Coming from Dairying then owning a sheep and cattle farm I have found this a very “lonely” space, even more so as cypress is often seen as the poor, if not irrelevant, cousin of the pine industry.
I came into the industry when “Macrocarpa” was rarely sold through merchants because of inconsistent and unprofessional supply and grading.
From the early nineties I have gradually sought to overcome this often negative mindset amongst established timber suppliers and builders.
We would now be probably the largest producer of building grade “macrocarpa/lusitanica cypress timbers, supplying all major merchants throughout New Zealand.
Our mill uses 300-400 tonne of log per month to meet the present market, processing right through to profiled weatherboard, sarking, beams, framing etc.
With an average buy in price $140-160 per tonne, up to 20 staff, plus continual maintenance and upgrading of vehicles and machinery, I sometimes miss those simple days of growing sheep and cattle and a few trees.
However, I have enjoyed the challenge and have become a real enthusiast for the potential of cypress timbers becoming a significant part of the New Zealand building scene.
We all have a part to play in this. Farm Foresters grow trees, loggers/carriers deliver, sawmillers process, customers enjoy.
It is satisfying to know that houses in New Zealand can still be built largely with this natural product, grown and processed in NZ.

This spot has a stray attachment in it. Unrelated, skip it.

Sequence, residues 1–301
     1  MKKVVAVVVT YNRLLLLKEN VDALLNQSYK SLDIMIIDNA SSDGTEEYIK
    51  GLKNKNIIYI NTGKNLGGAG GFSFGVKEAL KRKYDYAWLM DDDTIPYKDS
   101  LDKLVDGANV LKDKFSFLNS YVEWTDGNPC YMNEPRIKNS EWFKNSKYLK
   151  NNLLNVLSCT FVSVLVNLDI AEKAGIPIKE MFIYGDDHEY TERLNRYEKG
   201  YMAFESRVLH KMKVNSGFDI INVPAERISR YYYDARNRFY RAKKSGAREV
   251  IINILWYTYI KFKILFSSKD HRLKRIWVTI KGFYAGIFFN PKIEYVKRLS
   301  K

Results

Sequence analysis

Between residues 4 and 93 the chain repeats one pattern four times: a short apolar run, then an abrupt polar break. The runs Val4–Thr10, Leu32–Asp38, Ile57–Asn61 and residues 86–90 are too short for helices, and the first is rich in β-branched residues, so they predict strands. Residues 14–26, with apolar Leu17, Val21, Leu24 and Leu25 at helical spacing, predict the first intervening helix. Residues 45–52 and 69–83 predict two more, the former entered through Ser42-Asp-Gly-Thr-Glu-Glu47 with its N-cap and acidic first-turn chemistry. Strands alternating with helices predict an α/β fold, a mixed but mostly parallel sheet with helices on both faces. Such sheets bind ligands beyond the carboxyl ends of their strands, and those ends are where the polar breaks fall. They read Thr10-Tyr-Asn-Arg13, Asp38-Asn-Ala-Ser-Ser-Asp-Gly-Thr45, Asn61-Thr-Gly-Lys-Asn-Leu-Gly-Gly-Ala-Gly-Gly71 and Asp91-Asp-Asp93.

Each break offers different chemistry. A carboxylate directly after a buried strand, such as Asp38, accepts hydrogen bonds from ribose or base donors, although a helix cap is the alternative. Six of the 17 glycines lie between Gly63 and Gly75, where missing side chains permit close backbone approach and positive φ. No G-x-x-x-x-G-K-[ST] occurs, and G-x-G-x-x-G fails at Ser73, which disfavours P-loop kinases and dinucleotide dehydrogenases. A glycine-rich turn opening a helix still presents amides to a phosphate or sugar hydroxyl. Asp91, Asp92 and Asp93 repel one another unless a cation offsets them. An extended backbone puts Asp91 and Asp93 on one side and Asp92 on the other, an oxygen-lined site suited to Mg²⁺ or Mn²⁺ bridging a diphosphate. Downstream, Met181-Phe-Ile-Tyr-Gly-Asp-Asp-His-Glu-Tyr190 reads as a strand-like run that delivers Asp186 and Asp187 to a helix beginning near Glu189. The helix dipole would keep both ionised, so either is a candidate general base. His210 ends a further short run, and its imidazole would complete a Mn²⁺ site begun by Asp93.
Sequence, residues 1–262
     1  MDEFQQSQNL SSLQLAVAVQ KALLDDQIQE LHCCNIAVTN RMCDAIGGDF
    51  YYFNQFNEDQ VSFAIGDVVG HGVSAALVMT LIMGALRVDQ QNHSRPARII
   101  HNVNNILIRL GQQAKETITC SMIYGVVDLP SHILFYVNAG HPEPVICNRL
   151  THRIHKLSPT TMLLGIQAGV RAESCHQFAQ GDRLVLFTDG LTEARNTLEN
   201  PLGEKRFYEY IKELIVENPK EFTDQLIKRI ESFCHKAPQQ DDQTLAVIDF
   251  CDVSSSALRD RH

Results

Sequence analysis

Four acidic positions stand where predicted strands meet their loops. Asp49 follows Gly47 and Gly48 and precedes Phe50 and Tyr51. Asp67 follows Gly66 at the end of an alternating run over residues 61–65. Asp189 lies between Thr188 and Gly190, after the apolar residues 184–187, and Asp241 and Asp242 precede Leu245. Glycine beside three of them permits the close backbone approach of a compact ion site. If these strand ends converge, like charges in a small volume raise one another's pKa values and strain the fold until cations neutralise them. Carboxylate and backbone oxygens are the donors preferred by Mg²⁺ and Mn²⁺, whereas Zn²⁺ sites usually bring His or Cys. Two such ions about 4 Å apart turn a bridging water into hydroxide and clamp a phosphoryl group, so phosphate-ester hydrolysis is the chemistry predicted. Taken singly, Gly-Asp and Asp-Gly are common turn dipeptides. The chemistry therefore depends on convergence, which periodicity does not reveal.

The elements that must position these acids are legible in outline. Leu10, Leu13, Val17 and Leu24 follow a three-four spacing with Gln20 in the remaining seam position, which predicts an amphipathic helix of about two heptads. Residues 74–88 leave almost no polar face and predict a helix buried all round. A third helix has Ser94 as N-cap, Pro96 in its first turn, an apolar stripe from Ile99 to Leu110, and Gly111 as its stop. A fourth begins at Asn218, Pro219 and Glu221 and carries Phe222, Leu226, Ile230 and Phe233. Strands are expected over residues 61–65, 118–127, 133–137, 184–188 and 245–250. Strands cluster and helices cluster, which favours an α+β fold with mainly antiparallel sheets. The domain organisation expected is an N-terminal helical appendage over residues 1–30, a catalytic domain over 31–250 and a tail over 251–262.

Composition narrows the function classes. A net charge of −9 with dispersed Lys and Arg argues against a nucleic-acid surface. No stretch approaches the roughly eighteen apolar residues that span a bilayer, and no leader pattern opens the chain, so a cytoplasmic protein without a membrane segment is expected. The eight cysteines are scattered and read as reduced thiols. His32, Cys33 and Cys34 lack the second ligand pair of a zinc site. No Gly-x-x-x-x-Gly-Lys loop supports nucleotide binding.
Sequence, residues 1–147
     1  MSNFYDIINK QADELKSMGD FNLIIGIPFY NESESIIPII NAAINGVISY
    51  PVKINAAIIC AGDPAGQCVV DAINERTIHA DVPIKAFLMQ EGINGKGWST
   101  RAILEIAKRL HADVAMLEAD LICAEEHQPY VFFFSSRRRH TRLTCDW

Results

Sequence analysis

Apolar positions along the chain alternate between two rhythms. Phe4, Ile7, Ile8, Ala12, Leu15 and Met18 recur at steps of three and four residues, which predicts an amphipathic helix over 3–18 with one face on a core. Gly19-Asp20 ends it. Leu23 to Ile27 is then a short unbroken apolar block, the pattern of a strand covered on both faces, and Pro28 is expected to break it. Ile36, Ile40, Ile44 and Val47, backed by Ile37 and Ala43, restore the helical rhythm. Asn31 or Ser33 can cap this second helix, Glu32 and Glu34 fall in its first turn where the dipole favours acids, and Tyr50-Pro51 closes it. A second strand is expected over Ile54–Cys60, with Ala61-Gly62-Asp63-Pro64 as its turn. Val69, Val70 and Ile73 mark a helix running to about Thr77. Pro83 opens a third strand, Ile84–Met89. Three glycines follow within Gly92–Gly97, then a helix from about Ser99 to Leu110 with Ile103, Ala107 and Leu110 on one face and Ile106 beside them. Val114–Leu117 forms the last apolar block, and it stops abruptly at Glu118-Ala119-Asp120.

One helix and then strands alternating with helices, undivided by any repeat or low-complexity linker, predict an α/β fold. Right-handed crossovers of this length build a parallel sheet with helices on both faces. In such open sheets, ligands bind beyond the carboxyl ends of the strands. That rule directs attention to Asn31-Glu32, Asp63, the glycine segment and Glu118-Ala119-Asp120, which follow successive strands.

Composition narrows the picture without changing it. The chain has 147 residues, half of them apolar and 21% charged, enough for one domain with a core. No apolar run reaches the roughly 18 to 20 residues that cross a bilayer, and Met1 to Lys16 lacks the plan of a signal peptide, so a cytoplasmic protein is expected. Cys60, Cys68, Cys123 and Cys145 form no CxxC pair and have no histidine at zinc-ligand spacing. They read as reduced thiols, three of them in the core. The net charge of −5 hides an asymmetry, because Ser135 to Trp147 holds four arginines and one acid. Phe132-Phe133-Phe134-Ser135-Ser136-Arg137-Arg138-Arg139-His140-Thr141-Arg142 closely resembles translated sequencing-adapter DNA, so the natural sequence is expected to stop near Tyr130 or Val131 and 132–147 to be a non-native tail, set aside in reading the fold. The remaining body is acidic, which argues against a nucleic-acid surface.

As the sawmills not concentrating on pine are all owner operated with often limited resources our voice is often not heard amongst the clamor of the corporates, so I thought it would be informative to hear a cypress sawmillers perspective.
Every sawmiller has the juggling act of consistent guaranteed log supply, meeting promised demand, and cash flow.
The majority of MacDirect’s supply in the last 18 years has come from old Forest Service plantings now owned by corporates whose only interest has been pine. Although some have been pruned, the majority have been done on an ad-hoc basis, which means purchasing has been mainly as unpruned trees.
Last year we have become more dependent on private farm blocks, which are available. The biggest issue, as most log procurement people are aware of, is lack of loggers especially to do smaller cypress blocks. This has had quite a serious impact on supply. Not to mention logging charges have increased. End result apart from stress has been an increase in log prices.